Washington, D.C. -- The National Retail Federation on Wednesday was quick to shine a more positive light on holiday sales 2012, suggesting that reports of the worst holiday results since 2008 are not correct.
Matthew Shay, president of the NRF, said he's still predicting a 4.1% increase. "We're still pretty optimistic it's going to be a solid year," Shay said Wednesday on CNBC’s "Squawk on the Street." "We're still going to have year-over-year growth" of 4.1%. But that is down from 5.6% growth last year.
The MasterCard Advisors SpendingPulse, which tracks holiday spending, said Tuesday that sales in the two months before Christmas increased 0.7%, compared to last year. Many analysts had expected holiday sales to grow 3% to 4%. Shay, however, said that the MasterCard survey is limited and doesn't cover online sales.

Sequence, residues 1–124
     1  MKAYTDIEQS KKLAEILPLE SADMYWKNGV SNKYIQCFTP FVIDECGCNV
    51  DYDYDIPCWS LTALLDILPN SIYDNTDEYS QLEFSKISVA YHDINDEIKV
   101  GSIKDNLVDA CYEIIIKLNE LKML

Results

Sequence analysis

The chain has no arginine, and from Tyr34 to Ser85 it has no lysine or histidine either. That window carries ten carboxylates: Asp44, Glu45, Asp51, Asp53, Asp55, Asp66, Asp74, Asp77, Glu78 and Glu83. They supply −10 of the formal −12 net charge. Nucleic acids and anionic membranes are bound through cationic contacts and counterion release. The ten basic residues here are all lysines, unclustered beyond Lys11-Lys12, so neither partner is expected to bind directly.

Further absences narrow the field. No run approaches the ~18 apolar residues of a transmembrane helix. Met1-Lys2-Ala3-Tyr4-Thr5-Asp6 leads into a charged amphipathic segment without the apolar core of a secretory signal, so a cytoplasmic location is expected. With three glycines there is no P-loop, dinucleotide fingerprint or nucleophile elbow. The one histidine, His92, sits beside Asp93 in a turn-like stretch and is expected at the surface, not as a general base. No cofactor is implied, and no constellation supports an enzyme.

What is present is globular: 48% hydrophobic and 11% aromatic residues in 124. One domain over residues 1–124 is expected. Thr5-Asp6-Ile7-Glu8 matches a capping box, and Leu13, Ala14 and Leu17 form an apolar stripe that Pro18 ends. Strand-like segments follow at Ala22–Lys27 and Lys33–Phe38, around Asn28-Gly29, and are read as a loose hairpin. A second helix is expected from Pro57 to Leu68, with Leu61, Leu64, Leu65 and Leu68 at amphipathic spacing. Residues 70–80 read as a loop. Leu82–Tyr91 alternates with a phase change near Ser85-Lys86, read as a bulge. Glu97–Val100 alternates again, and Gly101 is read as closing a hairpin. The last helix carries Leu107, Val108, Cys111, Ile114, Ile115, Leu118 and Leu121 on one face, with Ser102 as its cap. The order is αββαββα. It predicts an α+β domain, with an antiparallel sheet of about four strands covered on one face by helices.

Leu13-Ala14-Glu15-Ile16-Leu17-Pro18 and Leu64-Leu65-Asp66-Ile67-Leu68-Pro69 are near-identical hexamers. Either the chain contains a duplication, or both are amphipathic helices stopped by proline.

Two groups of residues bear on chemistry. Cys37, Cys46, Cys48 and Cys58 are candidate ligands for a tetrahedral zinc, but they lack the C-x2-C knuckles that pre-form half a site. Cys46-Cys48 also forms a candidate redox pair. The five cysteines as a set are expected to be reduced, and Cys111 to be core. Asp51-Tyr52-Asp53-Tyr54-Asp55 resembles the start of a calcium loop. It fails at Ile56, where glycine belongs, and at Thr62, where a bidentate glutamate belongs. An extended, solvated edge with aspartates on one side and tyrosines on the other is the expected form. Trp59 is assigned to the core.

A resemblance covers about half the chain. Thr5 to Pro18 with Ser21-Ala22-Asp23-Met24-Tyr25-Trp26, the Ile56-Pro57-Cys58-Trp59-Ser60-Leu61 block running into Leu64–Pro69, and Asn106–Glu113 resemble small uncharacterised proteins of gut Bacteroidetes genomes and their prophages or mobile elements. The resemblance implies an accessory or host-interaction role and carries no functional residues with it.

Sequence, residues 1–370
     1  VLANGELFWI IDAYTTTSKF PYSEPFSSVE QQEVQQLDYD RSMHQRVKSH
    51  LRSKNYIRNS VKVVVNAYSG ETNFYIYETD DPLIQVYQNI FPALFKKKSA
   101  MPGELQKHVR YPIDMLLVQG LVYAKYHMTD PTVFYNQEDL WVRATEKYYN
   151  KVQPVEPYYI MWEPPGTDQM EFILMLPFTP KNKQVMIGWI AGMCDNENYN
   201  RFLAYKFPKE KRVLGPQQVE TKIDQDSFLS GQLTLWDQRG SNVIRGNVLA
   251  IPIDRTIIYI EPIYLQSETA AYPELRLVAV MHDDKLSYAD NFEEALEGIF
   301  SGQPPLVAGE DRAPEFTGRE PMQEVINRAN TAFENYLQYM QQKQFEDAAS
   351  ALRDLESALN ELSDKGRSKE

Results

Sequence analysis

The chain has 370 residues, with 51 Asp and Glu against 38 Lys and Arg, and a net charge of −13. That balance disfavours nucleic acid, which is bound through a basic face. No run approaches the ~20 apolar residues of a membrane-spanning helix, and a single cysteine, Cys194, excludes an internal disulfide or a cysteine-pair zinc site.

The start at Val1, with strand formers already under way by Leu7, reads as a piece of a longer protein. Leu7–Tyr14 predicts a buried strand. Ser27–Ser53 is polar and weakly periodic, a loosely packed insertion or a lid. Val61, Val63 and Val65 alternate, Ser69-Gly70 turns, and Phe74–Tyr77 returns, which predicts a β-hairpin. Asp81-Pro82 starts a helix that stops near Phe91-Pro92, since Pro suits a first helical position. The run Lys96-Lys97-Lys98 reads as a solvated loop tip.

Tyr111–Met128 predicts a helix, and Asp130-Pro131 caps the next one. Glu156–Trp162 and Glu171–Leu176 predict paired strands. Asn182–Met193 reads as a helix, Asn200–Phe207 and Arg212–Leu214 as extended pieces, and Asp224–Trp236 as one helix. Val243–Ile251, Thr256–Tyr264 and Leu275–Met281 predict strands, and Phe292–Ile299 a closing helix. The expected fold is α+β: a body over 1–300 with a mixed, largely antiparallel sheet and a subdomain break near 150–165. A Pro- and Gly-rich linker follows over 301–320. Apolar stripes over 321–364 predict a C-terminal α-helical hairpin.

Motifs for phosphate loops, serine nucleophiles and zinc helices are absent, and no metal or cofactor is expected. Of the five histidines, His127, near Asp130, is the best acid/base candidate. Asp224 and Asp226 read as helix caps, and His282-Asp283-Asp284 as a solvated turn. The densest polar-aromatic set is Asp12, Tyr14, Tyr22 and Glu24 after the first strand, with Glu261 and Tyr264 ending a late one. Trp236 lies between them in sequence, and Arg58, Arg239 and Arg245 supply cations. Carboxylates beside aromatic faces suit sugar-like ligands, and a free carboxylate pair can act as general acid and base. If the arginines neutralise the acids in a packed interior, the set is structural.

Despite the continued optimism, Shay acknowledged that consumer confidence had weakened heading into the holidays following super storm Sandy and the ongoing debate about the "fiscal cliff" of tax hikes and spending cuts that could go into effect early next year.
"We've been saying from the beginning this is a cautious and careful consumer, and it wouldn't take much to knock us off this nice progression," of consumer spending, Shay said.